There are countless little decisions behind every food choice we make: Is it healthy? Is it cheap? Is it available? Does it taste good? How hungry am I?

But there are two questions growing in importance and popularity at mealtime: Is this environmentally sustainable? and Is this humane? Rarely is the answer yes to both simultaneously.

That dilemma came up for me over the summer as I reported on McDonald’s decision to serve eggs from only cage-free chickens by 2025. Cage-free hens require more feed and have a higher mortality rate than caged. The trade-off—and there is always a trade-off—is that the caged hens have to spend their lives confined in pens whose length and width are roughly the size of a sheet of paper. At the time I described the dilemma like this:

Is it more humane for a bird to live in a cage or to experience liberty and die prematurely? And what is most humane is not always what is most productive—an especially relevant question as agriculture tries to feed a few more billion people by the middle of the century.

McDonald’s shift to cage-free eggs is part of a broader set of changes the company is making to its supply chain to appeal to a growing set of consumers who prioritize sourcing and provenance over fat and calories. Part of McDonald’s food makeover is a commitment to serve chicken without antibiotics “important to human health,” as the industry calls it. The company’s chickens are still regularly treated with an antibiotic called Ionophores, which are not used in humans. If a bird gets sick and needs a class of antibiotics important to human medicine, it is treated and removed from McDonald’s supply chain.

The antibiotics question—just like the cage-free issue—seems like it should be clear cut. It’s hard to find someone who disagrees with the idea that reducing the use of antibiotics is a good thing. But beyond that, the issue gets fuzzy—especially when considering what’s best for animals.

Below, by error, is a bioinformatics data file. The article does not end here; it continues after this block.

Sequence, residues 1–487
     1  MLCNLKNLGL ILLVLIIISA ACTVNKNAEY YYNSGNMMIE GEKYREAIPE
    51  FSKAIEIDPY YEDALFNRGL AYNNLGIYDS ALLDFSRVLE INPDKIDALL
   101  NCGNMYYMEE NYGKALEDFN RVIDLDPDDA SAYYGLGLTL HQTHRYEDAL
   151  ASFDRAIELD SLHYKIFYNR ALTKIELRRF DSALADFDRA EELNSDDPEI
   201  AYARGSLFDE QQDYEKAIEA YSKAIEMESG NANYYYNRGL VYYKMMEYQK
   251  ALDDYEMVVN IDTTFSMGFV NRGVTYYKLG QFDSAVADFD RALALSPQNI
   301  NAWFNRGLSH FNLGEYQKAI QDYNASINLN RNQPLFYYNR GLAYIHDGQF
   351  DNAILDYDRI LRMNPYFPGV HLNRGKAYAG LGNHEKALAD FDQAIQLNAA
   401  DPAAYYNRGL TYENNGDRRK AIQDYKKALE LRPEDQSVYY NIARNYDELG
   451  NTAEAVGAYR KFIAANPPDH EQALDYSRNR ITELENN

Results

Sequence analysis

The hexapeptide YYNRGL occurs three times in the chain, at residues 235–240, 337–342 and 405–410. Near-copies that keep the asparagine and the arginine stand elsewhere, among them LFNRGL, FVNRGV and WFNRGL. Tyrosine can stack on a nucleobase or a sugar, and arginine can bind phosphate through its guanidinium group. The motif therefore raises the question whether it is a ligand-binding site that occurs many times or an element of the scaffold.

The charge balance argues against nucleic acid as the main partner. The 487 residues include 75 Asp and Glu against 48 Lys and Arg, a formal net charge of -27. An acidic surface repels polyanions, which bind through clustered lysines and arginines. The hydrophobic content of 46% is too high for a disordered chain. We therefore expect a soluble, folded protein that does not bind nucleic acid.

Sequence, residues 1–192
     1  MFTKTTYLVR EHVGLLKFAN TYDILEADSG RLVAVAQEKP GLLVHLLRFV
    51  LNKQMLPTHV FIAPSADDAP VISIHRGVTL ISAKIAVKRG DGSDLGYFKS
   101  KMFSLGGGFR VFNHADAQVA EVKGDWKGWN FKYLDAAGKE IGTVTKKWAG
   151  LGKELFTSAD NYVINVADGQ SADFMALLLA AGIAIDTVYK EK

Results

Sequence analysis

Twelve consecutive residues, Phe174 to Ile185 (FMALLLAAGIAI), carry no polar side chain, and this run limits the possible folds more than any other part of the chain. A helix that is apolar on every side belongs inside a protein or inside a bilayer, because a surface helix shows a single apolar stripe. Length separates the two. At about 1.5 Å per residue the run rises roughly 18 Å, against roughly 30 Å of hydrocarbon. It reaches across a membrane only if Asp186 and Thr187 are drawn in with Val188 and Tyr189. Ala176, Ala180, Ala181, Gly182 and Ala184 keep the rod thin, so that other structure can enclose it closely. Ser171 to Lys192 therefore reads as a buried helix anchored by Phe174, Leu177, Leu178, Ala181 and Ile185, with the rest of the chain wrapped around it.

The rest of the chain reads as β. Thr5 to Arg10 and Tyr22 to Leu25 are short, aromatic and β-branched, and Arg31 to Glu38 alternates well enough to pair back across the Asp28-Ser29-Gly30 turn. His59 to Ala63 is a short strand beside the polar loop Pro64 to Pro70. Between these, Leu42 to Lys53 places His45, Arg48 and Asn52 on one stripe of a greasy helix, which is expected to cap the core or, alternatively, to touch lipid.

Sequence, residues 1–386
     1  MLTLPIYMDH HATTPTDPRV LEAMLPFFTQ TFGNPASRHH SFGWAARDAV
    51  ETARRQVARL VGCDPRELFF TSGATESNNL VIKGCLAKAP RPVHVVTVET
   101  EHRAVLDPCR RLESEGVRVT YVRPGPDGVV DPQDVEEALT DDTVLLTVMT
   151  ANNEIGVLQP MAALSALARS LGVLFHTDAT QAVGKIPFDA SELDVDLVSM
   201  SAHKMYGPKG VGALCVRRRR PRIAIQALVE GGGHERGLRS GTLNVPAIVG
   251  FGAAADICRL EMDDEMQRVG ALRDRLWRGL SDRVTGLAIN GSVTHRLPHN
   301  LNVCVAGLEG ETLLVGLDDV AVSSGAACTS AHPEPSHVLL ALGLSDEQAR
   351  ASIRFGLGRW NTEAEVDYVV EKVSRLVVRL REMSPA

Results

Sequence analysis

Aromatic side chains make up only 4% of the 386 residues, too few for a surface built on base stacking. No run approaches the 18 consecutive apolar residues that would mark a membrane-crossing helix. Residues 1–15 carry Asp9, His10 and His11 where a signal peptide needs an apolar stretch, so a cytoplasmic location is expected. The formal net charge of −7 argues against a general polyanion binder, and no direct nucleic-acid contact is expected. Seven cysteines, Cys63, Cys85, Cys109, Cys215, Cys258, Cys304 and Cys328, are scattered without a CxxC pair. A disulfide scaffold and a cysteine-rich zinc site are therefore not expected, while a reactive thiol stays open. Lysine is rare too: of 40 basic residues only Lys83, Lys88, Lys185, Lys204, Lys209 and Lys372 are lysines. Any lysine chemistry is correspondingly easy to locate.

On one side of the antibiotics issue is a contingent that believes these drugs have been used as a crutch in industrial agriculture, which has allowed producers to raise animals in poor conditions. Eliminating the routine use of antibiotics forces farmers to improve the conditions in which animals live, argues Kari Hamerschlag, deputy director of the Food and Technology Program at Friends of the Earth. Sick animals should be treated with medications, she says, but even the regular use of Ionophores (which is part of McDonald’s policy) “potentially allows for not the best conditions.”

Another cohort disagrees. This group believes there’s an increased risk that animal welfare could suffer as more companies demand meat raised without antibiotics. “It’s not easy to raise an animal without antibiotics,” says Randall Singer, a professor of epidemiology in the department of veterinary and biomedical sciences at the University of Minnesota. “Live animals get sick.”

Singer is concerned that producers could resist treating sick animals in order to preserve their value. “I don’t believe that this massive tidal wave of ‘no antibiotics’ is good for anybody” if companies don’t have sound animal welfare policies in place, he says. “It’s a welfare question. Are we so willing as a society to say, ‘I’m more interested in what I think is healthy for me, but I don’t care as much about the welfare of the animal’?”

His last point is the key issue here. The reason many consumers don’t want antibiotics in their meat is because they’re concerned about antibiotic residue, which is regulated by the Food and Drug Administration and enforced by the U.S. Department of Agriculture’s Food Safety and Inspection Service. But what’s at the heart of McDonald’s and other companies’ policies is both a necessity and desire to reduce the use of these drugs so we maintain their effectiveness for when we really do need them. The more antibiotics are used, the more bacteria learn how to survive in the presence of these drugs and become resistant to them.

It’s more than reasonable—and I would argue a positive move—for consumers to add animal welfare and environmental impact as screens for their food choices. But these are far more complex measures than fat or calories. If we’re going to start prioritizing antibiotic-free meat or cage-free eggs, let’s at least understand what these terms truly mean.

Editor’s Note: This story has been updated to clarify comments from Randall Singer.